A man has been charged in Arizona with the alleged assault and carjacking of Ella Mae Begay, a Navajo weaver whose 2021 disappearance became a symbol of the crisis of missing and murdered Indigenous women in the United States.
The charges were unsealed on Tuesday in Arizona federal court against Preston Tolth for causing serious bodily harm to Begay on June 15, 2021, on the Navajo Nation and stealing her gray Ford F-150 pick-up truck, according to court documents.
Last year Begay’s niece Seraphine Warren completed a walk of more than 2,000 miles from the Navajo Nation – which spans parts of New Mexico, Arizona and Utah – to Washington DC to raise awareness about her aunt and other missing and murdered Native women.
“We’re getting somewhere, we’re taking that first step to locating my mother,” Gerald Begay, Ella Mae’s 46-year-old son, said in an interview Wednesday. He said the next step was to find his mother after she went missing from her home near Sweetwater, Arizona.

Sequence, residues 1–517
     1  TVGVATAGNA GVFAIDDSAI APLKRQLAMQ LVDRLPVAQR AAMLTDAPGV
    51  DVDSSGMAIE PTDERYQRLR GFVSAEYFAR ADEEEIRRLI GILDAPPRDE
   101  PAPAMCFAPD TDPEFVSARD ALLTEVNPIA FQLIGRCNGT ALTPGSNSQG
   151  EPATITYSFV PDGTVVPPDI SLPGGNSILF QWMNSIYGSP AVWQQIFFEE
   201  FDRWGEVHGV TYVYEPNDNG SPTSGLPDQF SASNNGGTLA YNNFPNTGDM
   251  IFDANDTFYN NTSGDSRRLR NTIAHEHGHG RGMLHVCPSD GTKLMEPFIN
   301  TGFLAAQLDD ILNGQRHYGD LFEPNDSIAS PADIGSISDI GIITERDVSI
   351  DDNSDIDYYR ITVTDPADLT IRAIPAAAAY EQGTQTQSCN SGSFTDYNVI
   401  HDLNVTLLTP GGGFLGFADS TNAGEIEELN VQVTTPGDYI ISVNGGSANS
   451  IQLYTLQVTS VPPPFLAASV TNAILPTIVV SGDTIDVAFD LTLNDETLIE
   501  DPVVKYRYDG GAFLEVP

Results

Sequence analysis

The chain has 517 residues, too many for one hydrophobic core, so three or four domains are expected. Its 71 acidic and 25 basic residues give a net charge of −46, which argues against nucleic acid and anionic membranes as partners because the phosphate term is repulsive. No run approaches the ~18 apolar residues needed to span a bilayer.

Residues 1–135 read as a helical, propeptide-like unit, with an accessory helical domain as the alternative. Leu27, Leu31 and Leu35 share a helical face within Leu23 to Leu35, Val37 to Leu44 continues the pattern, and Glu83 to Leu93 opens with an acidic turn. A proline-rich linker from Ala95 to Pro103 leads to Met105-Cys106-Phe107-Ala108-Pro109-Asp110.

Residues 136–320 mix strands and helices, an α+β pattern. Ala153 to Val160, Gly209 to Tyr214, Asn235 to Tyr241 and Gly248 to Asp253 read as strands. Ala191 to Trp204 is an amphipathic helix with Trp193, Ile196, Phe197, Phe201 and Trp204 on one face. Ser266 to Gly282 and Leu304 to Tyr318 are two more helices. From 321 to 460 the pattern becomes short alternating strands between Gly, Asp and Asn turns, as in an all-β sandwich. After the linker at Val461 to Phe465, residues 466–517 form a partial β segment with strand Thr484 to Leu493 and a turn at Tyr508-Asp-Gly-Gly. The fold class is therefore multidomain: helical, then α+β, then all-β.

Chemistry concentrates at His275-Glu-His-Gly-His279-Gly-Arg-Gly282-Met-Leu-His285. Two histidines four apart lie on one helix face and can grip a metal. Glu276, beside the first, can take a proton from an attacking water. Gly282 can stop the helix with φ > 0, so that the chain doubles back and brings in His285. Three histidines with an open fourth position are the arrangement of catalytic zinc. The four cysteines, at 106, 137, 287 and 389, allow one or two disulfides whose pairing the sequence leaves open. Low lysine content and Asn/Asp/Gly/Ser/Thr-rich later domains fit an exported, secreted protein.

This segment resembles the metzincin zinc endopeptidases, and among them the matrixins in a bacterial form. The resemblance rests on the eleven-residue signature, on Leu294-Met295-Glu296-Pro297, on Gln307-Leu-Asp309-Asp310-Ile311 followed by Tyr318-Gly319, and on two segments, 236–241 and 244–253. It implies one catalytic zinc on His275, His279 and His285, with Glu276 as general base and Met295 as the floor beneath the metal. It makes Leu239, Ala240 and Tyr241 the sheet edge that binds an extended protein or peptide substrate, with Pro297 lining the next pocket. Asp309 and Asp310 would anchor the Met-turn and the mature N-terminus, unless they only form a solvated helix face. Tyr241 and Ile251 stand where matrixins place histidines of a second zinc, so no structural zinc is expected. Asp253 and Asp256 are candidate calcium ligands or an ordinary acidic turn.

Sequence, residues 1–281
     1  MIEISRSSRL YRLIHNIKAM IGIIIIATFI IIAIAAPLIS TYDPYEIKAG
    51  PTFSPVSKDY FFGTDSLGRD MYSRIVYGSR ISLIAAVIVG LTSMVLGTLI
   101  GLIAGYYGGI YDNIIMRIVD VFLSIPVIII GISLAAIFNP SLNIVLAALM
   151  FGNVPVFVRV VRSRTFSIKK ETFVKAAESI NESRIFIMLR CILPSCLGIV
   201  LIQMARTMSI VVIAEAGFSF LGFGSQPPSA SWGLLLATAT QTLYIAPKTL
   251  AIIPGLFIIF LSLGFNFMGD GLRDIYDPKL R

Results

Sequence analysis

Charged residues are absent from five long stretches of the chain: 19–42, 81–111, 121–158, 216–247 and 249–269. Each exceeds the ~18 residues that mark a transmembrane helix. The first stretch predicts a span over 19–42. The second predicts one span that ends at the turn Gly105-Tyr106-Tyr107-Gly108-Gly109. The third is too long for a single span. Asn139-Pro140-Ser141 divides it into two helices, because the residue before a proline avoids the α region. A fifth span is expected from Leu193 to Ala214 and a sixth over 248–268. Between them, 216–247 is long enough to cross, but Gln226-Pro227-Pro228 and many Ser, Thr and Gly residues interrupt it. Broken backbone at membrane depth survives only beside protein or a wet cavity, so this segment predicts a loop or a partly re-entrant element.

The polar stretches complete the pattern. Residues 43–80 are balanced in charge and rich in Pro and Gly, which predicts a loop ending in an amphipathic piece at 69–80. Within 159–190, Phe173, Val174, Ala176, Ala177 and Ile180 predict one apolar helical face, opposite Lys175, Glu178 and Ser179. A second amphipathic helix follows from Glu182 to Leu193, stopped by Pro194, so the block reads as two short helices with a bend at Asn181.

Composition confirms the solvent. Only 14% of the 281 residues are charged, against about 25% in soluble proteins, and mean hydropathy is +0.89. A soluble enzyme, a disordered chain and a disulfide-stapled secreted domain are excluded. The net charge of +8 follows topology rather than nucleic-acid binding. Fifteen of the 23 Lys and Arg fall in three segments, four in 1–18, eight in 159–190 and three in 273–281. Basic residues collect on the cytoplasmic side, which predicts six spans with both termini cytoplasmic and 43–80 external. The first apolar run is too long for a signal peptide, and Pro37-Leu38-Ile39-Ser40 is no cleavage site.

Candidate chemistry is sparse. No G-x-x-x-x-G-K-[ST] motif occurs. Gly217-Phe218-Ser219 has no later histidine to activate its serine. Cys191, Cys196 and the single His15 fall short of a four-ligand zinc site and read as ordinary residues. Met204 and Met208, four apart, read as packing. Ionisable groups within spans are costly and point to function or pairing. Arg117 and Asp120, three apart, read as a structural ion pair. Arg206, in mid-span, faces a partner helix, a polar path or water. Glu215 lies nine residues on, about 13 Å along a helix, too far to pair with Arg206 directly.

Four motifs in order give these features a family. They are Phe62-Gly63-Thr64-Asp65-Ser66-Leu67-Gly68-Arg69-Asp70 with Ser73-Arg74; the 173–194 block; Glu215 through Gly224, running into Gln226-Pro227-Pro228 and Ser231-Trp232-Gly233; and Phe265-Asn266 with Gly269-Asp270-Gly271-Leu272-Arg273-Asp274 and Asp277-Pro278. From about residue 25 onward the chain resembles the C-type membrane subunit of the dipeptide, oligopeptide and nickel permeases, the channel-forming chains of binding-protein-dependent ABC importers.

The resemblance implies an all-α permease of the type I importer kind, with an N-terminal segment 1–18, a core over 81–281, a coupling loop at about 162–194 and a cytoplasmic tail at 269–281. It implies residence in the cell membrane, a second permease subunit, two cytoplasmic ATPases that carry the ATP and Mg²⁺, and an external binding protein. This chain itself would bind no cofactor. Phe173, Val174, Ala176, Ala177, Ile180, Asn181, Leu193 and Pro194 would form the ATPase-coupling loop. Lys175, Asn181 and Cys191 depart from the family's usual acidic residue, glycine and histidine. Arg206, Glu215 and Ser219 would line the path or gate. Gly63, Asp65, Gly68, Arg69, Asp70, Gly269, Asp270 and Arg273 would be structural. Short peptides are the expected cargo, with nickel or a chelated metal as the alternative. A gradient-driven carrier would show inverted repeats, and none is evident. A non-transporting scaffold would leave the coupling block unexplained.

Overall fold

Luke Mulligan, a federal public defender representing Tolth, and U.S. attorney and prosecutor Dimitra Sampson did not immediately respond to requests for comment.
Indigenous women are murdered at a rate 10 times higher than the national average, according to the U.S. Department of Justice, and homicide is one of the leading causes of death for young Indigenous men.
Families of the missing blame the crisis on jurisdictional chaos or indifference of law enforcement as well as racism and generational trauma rooted in European colonizers’ efforts to eradicate Native peoples.
Tolth faces a formal arraignment and detention hearing on Friday in Flagstaff, according to Begay’s lawyer Darlene Gomez.
In the last five years around a dozen states have established taskforces to bring together tribes, victims’ families, law enforcement and activists to solve crimes.
Special investigators have been appointed at county, state and national levels and the FBI has begun to develop a missing list solely for Native Americans.
Still, FBI data shows the number of entries of missing and murdered Indigenous people remained little changed from 2016 to the most recent data in 2021.